Amazingly this is the first update of the year, and its May. This is absolutely ridiculous beyond words, but I might start getting really ranty and angry if I get drawn into it, but suffice to say that for absolutely zero justifiable reason, nothing dramatic has really happened on the site for months.

Its all due to paperwork. basically the energy company (the people connecting the farm to the grid, at vast expense, all billed 100% to me) decided that they needed a sub-lease from me to put their substation on the freeholder (farmer’s) land. This is fine. I have a lease agreed over a year ago now with the farmer. They want their substation on my leased plot. Fine. Go for it. They tell me that they will write the lease, and they have proposed a signing agreement of £1.

Yes £1.

But ok, whatever, I have basically no say in this. They write the lease, I read it, and agree and sign it within 24 hours. Then we move on. Meanwhile, unconnected to this, I get a nice diagram showing how the farm is wired:

And then…apparently the energy company are not convinced I have the right to sign a sub lease. they demand to see my lease with the freeholder. I say fine, I send it. They then claim there is no evidence the lease is valid because we didn’t register the lease with the land registry. That means I have to hire a lawyer (for the first time in my life, after 27 years of running a video games company that trades globally), to fill out some paperwork with the land registry. I do this, and it takes weeks, because the lawyers don’t believe who I am and demand identity documents ad-nauseum, despite it being a matter of legal public record that I am the director of the company.

Oh well…

Anyway, I do all of this, and they then say that they don’t believe the freeholder is who he says he is either. AFAIK this freeholder has owned the land for decades (probably generations), and lets remember at this point that there is NO DISPUTE about the terms of either lease between any party. They insist on me printing an A3 copy of a map, in color, with my signature on, and physically mailing it to them. I have to find a print shop to do it. I do this. They then want the freeholder to travel physically to a lawyer to prove his identity. There are then other complications which I won’t detail, but at every possible turn, I am delayed, ignored, then handed yet more impossible and ridiculous demands.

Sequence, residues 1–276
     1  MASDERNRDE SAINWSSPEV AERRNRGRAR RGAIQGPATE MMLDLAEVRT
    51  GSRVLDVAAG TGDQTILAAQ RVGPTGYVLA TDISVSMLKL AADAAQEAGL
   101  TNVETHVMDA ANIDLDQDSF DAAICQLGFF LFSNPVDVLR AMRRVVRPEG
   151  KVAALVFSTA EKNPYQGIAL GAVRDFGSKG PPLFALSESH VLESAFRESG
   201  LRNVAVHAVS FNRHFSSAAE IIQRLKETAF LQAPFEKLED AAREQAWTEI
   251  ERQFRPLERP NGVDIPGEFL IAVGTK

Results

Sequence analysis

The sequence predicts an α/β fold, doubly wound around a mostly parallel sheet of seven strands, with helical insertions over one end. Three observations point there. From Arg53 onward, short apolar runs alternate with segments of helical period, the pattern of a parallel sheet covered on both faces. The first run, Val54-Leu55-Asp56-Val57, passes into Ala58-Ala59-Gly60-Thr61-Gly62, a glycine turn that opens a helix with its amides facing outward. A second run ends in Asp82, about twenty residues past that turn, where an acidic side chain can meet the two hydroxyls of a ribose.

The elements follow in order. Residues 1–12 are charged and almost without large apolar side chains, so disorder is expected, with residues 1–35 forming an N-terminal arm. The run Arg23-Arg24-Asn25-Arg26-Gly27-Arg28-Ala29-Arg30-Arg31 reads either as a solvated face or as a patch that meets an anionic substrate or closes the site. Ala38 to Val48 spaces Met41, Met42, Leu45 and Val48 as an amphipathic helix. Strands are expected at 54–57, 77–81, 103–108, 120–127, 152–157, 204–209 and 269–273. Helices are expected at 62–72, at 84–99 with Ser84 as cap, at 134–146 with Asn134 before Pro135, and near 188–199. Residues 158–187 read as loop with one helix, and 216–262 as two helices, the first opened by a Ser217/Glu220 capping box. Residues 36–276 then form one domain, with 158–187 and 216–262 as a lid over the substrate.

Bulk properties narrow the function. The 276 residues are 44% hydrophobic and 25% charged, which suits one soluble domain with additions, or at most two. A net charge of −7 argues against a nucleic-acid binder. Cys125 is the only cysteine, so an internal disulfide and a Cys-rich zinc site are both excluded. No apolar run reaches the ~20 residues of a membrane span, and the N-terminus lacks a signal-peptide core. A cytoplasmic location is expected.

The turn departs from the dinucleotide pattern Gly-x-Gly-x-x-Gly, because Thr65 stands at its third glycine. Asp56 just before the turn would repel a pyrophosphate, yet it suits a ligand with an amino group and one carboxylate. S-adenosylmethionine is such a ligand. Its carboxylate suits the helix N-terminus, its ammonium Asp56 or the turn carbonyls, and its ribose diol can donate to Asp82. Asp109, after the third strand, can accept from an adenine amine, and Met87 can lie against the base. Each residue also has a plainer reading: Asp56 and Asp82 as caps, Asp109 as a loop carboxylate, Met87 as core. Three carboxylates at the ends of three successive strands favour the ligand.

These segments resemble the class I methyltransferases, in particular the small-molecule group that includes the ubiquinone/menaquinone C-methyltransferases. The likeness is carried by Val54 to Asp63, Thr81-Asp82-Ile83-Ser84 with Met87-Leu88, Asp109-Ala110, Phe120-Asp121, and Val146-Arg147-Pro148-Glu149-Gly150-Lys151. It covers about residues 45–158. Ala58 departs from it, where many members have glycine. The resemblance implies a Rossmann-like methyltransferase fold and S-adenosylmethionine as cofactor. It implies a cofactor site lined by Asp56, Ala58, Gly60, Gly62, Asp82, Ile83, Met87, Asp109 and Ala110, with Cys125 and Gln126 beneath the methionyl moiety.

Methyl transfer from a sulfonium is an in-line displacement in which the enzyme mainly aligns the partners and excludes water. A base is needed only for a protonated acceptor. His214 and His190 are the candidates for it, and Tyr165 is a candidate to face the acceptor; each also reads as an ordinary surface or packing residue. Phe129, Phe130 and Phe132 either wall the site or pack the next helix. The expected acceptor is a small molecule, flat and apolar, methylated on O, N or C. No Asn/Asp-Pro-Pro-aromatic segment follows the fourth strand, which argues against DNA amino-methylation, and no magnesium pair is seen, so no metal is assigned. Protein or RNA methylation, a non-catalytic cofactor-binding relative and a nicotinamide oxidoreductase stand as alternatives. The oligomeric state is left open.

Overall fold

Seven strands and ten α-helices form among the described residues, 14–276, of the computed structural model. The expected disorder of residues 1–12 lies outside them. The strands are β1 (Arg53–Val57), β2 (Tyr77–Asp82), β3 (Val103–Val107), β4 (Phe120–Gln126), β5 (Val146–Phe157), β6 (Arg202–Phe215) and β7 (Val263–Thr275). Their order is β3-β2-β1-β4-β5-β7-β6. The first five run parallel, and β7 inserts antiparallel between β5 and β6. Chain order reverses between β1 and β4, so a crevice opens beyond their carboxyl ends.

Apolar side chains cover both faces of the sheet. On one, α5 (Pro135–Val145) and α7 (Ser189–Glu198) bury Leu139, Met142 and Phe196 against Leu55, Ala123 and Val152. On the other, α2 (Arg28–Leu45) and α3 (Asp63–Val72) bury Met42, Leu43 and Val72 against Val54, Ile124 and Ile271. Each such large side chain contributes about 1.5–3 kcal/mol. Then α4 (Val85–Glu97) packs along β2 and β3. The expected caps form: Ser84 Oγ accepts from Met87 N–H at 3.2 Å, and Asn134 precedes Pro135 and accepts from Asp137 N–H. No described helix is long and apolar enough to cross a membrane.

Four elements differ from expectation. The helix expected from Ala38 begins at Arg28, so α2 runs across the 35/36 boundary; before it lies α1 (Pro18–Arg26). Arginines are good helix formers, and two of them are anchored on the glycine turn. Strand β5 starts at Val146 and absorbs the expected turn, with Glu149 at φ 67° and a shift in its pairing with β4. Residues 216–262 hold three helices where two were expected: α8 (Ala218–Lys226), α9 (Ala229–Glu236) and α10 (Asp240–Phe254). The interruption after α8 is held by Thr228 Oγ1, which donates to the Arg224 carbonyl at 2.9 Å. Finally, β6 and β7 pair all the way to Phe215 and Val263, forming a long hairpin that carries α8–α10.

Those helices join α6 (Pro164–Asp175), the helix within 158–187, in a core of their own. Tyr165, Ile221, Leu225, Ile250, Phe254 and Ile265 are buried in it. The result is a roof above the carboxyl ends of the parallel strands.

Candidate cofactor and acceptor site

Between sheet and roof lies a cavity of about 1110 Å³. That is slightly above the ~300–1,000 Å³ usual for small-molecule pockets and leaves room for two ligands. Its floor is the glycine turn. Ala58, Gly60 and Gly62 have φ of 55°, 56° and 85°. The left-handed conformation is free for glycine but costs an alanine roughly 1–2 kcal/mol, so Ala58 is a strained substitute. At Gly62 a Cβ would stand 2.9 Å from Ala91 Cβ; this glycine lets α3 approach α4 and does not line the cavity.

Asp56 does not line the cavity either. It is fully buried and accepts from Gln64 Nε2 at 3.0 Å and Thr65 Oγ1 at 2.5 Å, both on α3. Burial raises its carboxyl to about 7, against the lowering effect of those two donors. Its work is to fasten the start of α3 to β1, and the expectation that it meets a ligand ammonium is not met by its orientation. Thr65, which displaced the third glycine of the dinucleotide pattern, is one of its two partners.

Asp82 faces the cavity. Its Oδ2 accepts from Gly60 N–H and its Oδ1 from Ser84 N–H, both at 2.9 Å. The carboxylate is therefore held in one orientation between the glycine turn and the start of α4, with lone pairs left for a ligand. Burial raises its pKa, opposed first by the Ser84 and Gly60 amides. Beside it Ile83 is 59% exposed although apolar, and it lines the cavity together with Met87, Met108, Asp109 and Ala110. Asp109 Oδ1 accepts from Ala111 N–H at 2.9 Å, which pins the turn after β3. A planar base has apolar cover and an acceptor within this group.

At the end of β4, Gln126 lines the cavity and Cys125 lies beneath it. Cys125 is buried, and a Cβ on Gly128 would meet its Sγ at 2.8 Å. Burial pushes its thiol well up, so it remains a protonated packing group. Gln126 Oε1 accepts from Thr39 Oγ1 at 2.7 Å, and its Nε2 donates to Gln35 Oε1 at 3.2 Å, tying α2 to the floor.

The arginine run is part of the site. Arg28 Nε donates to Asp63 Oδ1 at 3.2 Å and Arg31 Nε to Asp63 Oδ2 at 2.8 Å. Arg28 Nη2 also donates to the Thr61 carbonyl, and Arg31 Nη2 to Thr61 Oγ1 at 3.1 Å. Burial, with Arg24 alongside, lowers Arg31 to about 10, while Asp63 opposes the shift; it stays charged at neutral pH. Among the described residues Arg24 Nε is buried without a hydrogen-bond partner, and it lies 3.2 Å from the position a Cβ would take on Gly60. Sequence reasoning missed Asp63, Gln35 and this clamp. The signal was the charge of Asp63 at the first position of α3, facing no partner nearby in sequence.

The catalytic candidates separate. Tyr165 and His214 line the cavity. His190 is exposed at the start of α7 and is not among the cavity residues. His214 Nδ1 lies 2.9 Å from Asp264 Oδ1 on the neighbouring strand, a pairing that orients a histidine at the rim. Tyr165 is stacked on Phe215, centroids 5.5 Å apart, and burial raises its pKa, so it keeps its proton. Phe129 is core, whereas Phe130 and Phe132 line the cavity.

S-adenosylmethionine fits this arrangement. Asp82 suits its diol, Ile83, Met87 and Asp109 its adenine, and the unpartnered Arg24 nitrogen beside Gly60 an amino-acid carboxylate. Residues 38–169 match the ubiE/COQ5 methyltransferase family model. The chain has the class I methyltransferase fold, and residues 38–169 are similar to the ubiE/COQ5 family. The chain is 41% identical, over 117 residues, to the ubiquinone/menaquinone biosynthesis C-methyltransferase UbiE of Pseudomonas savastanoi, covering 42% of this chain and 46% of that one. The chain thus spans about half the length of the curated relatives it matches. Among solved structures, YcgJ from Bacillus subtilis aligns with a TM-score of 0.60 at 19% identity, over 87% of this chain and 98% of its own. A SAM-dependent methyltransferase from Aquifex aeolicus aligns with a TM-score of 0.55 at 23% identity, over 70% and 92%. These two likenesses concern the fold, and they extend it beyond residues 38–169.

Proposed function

They charge me about £5k in “extra legal costs” associated with the pain of me not personally having recruited another lawyer. This is ridiculous, and you can only begin to imagine my rage. I make multiple angry phone calls and send a battery of very angry emails. Meanwhile, we are heading towards summer, but nobody cares, not the energy company, and certainly none of the many lawyers involved.

Unrelated, We put a fence up around the site:

I phone the energy company lawyer to complain, when I’m told some bureaucrats need to physically sign pieces of physical paper that needs to be sent by courier, which might take another week. I insist that if its not done immediately I will physically get in my car, and make a 4 hour drive to their office, pick up the paper myself and fucking drive it to the home of the person who needs to sign it, and sit on their doorstep until they do.